The microprism screen to focus works well but is not as fast as any good rangefinder, of course. But it works a lot better than any manual focusing on a digital camera.
When taking this one for a walk I spent the day with my girlfriend and her father who came to visit us. So it is mostly random street stuff from around Mitte and Prenzlauer Berg. As I didn’t shoot the whole film that day I also included one photo of Golm.
Instead of building a PC/Hackintosh my plans for the weekend were to start a new little project for my own pleasure.
I (together with my girlfriend) own too many cameras. I got about one for each system, starting from a Holga over (D)SLRs to giant mid format cameras. And I mostly use my Leica M4 and most of the time ignore the great capabilities of the other cameras. That’s why I decided to get one camera at a time, pop a fresh film into it and take it for a walk.
Last weekend I took my first rangefinder camera, the Canonet GIII QL19. The camera is a sibling of the better known QL17. Apart from smaller details they are mostly identical, one featuring a 40/1.7 and the other a 45/1.9 lens. The QL19 dates from around mid to end sixties. Back in the days single lens reflex cameras were rare and expensive and most everyday photography was done on point and shoots or rangefinder compact cameras like the QL19. But with the rise of cheaper SLRs with more automatic functions for exposure and later focus and film transport the rangefinder cameras vanished from the mainstream market and become more relevant for professional and semi pro users, that used Leica or Voigtländer systems among others.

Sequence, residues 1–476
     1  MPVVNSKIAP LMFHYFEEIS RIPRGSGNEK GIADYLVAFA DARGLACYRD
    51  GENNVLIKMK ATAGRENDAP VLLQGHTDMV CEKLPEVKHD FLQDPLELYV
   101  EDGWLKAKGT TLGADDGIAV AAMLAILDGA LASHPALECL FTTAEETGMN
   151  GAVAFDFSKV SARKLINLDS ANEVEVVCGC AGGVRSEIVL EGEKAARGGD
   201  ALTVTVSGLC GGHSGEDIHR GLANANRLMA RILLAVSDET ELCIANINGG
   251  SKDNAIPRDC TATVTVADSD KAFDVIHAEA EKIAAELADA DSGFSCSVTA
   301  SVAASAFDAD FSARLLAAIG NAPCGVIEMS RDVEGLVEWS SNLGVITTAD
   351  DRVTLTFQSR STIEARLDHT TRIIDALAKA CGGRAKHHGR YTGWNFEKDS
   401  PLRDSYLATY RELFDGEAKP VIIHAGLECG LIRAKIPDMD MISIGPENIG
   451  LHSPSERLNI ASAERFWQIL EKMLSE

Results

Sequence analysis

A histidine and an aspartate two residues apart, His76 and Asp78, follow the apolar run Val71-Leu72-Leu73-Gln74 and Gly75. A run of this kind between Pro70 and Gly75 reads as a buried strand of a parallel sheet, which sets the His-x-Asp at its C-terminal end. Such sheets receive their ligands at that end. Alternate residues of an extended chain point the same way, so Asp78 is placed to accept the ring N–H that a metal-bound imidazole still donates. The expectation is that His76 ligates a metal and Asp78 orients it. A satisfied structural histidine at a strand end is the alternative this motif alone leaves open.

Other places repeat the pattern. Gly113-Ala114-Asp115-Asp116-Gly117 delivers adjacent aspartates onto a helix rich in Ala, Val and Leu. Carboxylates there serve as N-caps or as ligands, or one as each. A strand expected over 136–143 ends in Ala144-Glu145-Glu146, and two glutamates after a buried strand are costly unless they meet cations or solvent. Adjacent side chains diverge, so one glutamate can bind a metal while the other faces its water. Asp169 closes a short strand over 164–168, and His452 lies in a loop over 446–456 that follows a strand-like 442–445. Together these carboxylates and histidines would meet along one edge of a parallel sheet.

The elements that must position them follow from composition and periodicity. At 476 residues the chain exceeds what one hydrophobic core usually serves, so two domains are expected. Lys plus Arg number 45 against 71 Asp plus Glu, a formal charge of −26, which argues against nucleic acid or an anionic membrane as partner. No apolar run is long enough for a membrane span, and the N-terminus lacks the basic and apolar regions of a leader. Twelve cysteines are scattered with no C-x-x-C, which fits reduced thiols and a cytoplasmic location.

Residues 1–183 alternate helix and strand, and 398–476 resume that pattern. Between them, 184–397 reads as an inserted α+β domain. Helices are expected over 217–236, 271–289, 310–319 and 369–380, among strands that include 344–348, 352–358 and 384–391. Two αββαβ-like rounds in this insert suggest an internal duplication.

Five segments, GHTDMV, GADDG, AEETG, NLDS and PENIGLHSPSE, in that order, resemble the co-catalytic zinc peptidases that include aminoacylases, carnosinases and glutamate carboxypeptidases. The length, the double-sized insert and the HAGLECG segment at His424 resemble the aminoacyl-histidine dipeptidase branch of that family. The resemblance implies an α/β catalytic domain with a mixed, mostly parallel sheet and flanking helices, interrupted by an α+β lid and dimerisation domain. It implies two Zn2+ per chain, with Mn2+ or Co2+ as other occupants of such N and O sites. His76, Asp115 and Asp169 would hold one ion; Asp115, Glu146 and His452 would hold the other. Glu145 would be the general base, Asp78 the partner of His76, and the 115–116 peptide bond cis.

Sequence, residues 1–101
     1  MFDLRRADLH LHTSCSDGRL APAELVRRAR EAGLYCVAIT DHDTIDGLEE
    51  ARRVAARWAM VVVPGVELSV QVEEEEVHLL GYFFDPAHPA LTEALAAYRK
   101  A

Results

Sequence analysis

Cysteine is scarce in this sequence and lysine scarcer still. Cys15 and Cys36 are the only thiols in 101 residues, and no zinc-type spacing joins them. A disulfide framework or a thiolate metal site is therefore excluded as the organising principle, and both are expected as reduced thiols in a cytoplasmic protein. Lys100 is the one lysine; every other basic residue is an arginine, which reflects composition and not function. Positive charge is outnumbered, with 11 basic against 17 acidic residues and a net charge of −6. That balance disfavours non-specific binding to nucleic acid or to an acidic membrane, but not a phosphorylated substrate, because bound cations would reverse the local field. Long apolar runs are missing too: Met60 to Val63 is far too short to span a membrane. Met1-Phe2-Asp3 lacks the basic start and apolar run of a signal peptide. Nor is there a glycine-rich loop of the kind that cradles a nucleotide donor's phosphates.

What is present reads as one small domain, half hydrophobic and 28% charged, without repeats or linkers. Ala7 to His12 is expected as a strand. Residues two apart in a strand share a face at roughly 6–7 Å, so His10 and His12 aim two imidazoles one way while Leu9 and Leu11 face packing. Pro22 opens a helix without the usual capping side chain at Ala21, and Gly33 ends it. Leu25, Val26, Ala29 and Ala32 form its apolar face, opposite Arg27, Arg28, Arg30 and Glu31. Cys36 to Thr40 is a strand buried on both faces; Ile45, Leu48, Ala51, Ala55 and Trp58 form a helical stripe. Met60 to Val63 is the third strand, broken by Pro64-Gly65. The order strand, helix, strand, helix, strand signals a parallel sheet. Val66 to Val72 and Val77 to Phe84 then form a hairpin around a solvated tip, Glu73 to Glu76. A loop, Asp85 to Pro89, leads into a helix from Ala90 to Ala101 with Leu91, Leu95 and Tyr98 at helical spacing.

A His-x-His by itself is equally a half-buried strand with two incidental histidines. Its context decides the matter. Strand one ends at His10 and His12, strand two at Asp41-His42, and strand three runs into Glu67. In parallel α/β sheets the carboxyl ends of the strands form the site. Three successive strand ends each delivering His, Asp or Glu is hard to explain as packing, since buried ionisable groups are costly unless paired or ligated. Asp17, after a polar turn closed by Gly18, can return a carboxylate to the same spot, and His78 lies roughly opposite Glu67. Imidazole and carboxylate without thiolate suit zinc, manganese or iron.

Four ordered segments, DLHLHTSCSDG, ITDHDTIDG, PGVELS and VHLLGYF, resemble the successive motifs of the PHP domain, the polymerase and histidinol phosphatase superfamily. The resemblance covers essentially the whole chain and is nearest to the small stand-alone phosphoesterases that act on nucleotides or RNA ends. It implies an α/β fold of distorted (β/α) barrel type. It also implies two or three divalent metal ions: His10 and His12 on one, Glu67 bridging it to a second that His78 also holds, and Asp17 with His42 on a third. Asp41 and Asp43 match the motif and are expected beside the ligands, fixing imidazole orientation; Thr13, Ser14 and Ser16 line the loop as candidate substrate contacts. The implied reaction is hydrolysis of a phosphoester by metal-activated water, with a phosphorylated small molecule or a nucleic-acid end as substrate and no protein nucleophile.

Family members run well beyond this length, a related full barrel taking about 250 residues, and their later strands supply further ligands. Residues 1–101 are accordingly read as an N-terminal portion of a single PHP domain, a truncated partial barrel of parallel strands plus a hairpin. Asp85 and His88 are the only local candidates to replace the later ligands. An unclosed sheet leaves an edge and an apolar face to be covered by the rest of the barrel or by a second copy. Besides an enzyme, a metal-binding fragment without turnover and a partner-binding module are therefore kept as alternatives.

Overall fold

Here is my girl “Canonette” QL19, with some wear to it.
I started photgraphy back in 2005 with a EOS350D and used mostly digital cameras for quite some time. But after 2007 I got more and more interested in analog photography and so I used some old SLRs before I got my first rangefinder. I got this one cheap on ebay for about 40 EUR and never regretted the buy.
For those not familiar with camera technology geeky stuff: a rangefinder camera does not use a viewfinder that looks through the lens as SLR does but an extra viewfinder close to the lens. Different from a point and shoot cheap camera a rangefinder camera has a built in mechanism to find the distance to the object and focus on it. The rangefinder uses a technique similar to a stereoscopic device to find the range. By looking from 2 slightly different angles at an object the distance to it can be measured. This methode is easier than those of manual SLRs and works especially well in dim light, when most other systems, including full auto cameras, stop working. Another advantage is that the viewfinder isn’t blocked while the picture is taken. This is especially useful for reportage and street photography where you want to keep an eye on the scene while shooting. In the QL19 the rangefinder is rather green and a bit darker than those of a Leica. But it works well and is quite accurate.